Home | News    Wednesday 17 June 2015

S. Sudan criticises NGOs over calls for sanctions, arms embargo

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June 16, 2015 (JUBA) – South Sudan has criticised recent calls for sanctions by non-governmental entities, describing it as “disincentive” for achieving peace in the young nation.

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The UN Security Council votes unanimously to impose sanctions on those blocking peace in South Sudan (Photo: UN/Devra Berkowitz)

Last week, six international organisations urged leaders from the United States to impose targeted sanctions against more individuals from all parties to the ongoing conflict in South Sudan, said to be responsible for serious violations of human rights and humanitarian law.

“The increase in fighting in recent weeks which has included law of war violations including rape, abductions and deliberate killing of civilians makes clear that additional steps need to be taken to protect civilians from further harm,” partly the 10 June letter to the US secretary of state, John Kerry and national security advisor, Susan Rice.

The petitioners, in their letter, queried why only four commanders have been sanctioned ever since the Obama administration issued Executive Order 13664 in April 2014, making way for US sanctions on South Sudanese individuals who commit human rights violations.

But the South Sudanese embassy in Washington said calls for sanctions by these organisations only showed feelings of “frustration” and would, in no way, support government efforts to bring peace.

“The government strongly believes that ending the war and the humanitarian crisis should be the first priority and this can be achieved through supporting the IGAD-Plus initiative and encouraging parties to the conflict to return to the negotiating table,” the embassy said in a 16 June statement extended to Sudan Tribune.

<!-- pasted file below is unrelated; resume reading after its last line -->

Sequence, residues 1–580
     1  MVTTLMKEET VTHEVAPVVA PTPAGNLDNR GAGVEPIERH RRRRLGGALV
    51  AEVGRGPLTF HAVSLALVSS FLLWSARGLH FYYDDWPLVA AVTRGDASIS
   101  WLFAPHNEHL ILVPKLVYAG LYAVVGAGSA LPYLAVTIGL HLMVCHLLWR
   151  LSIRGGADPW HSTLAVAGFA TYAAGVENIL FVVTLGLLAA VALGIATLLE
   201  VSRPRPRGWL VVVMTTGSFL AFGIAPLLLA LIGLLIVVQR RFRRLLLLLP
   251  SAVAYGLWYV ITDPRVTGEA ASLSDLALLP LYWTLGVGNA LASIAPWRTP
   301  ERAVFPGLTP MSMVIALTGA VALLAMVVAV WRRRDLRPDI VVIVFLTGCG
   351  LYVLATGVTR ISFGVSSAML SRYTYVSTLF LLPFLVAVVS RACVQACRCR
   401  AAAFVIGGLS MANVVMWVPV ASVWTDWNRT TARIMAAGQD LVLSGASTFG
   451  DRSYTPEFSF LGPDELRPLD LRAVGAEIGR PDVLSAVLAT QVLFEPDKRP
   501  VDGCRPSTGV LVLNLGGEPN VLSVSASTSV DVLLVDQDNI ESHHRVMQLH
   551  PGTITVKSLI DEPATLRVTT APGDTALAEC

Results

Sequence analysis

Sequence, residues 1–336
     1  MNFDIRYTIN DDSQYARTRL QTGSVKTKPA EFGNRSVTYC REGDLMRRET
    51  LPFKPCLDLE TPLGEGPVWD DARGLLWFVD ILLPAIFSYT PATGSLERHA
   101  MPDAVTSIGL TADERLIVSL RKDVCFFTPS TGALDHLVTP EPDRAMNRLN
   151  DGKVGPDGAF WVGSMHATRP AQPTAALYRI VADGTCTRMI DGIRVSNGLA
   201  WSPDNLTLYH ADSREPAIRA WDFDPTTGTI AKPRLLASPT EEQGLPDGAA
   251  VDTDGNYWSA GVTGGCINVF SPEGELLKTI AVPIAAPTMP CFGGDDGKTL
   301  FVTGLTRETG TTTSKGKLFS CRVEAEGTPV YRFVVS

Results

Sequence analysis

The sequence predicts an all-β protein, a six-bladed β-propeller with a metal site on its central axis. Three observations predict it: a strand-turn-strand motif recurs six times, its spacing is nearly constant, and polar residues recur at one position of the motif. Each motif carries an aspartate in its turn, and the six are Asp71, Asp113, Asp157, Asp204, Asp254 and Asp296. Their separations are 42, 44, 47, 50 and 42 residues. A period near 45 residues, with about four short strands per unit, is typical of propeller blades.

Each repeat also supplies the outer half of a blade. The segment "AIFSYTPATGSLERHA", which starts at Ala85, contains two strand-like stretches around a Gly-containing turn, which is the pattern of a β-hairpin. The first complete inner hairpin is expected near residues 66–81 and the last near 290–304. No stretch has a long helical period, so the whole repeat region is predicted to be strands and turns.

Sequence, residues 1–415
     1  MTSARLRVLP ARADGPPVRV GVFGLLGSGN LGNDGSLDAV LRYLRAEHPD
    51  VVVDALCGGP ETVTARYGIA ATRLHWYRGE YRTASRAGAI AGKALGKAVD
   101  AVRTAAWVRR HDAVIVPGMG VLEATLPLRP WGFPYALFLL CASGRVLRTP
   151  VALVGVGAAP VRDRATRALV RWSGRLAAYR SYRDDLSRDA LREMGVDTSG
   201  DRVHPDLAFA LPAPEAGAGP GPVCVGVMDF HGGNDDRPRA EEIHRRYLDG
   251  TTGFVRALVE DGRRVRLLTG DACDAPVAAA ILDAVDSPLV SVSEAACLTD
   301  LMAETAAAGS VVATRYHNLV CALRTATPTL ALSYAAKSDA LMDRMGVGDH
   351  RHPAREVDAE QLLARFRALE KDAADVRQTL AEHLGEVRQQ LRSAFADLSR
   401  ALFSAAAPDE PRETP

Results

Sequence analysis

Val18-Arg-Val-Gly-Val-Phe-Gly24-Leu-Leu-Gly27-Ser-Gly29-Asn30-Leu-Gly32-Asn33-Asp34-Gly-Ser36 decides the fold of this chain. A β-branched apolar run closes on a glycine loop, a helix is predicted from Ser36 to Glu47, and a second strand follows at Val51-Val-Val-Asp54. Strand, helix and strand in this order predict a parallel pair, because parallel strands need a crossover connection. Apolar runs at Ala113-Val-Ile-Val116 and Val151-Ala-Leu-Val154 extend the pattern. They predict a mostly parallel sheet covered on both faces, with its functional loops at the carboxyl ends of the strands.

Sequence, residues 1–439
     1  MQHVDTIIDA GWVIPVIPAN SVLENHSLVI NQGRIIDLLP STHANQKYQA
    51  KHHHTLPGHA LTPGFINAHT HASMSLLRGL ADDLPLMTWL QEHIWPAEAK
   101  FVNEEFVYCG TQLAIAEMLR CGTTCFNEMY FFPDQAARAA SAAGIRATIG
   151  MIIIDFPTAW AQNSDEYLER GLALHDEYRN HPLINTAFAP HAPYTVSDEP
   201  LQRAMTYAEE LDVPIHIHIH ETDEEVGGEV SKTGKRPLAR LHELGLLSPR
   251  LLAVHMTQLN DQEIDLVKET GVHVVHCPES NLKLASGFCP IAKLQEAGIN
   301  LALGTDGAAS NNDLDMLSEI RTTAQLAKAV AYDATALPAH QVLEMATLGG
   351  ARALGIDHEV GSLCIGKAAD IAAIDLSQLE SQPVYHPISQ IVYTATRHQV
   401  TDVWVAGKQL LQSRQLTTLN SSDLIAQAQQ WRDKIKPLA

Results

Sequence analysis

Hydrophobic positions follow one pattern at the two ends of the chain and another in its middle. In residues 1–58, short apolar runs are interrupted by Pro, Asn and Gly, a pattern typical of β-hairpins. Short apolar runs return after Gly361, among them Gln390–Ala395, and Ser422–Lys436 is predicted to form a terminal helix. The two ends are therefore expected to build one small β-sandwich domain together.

“Threats of sanctions and arms embargo at this juncture will only serve as a disincentive for peace,” it added.

The South Sudanese government reiterated its commitment to work with international organisations in efforts to end the conflict and bring peace, insisting it had accommodated some of the demands given by the armed opposition groups.

Tens of thousands of people have killed and about two million displaced since violence broke out in South Sudan in 2013. At least 4.6 million people are reportedly at risk of starvation by end of year if fighting continue between South Sudan’s warring factions.

The Obama administration has, in the past, threatened sanctions on leaders in South Sudan, but activists want such threats implemented.

A coalition of human rights bodies urged the United Nations Human Rights Council to address serious, widespread and ongoing violations of international human rights and humanitarian law in South Sudan during its 29th session due in Geneva this week.

The coalition, in the their petition, called on members and observer states of the Council to push for accountability for war crimes and possible crimes against humanity in the country, including by creating a Special Rapporteur on South Sudan with a mandate to monitor and publicly report on violations of international humanitarian law and violations and abuses of international human rights law, and to make recommendations for achieving effective accountability for past and ongoing crimes.

(ST)

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